In contrast, the top four oil producers hold only 52% of global reserves.
The comparisons are also stark when it comes to output: The top four countries produce about 95% of global lithium, while, in oil, the top four produce about 44%. In Cobalt production, China, Russia, and Cuba are among the world’s top producers, ranking 2ed, 4th, and 6th, respectively!
3. The financial problem: Replacement of gasoline and diesel taxes
As electric vehicles gain market share at the expense of conventional vehicles fueled by gasoline and diesel, many countries are faced with the prospect of a significant revenue crunch.
A large number of both developed and developing nations generate massive revenues from taxes on gasoline and diesel. In Europe, most gasoline taxes are between $2 and $4 a gallon and brought in about $550 billion in revenue in 2015. In some countries, taxes on motor fuel generate up to 15% of government revenue.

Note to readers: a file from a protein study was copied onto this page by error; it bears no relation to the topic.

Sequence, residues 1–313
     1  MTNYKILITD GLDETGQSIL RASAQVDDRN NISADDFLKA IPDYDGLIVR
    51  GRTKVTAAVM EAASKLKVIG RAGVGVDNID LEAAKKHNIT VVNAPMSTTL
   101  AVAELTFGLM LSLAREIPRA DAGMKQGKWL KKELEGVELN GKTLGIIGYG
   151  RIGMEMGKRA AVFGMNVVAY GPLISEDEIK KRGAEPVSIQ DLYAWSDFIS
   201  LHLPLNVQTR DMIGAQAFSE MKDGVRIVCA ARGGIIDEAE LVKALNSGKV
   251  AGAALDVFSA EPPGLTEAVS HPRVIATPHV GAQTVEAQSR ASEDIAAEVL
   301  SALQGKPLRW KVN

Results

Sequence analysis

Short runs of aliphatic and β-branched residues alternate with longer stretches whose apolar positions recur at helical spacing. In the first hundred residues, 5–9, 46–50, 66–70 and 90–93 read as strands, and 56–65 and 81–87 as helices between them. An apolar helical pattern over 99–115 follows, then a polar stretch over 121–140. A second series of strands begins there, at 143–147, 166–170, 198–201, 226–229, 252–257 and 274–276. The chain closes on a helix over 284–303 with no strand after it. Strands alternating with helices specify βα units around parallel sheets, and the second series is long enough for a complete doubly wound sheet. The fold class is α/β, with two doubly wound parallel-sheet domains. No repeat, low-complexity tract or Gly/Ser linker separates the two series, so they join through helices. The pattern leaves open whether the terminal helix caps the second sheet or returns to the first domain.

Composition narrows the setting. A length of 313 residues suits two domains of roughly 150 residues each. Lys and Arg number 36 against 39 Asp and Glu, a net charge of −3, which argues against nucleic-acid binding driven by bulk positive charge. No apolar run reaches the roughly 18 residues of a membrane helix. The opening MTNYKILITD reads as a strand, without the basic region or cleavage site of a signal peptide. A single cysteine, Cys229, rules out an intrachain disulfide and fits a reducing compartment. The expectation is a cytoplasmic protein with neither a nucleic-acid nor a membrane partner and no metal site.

In the U.S., the federal government collected about $34 billion in motor fuel taxes in 2017, and states collected an additional $46 billion. About 60% of the federal revenue goes to road and bridge construction, while about 76% of state revenue goes to highways and local roads.
How will governments replace these taxes when most fleets of cars and buses become electric? Where will the money come from? Will policy makers move from subsidizing electric vehicles to taxing them? If they do, the economics of purchasing electric vehicles will change drastically.
Some U.S. states have already increased the registration fees for electric vehicles to compensate for the lost gasoline taxes. But even moving to taxing all cars on a per-mile basis will change the economics of electric vehicles.
Policy makers, both national and local, may soon be forced to address the environmental, security and financial problems created by the surge in electric vehicles. The likely policy changes have the potential to limit the growth of electric vehicles, and that would have a profound impact on several markets, especially energy markets. U.S. shale would benefit the most as a domestic source of a particular crude quality known for producing a large amount of gasoline.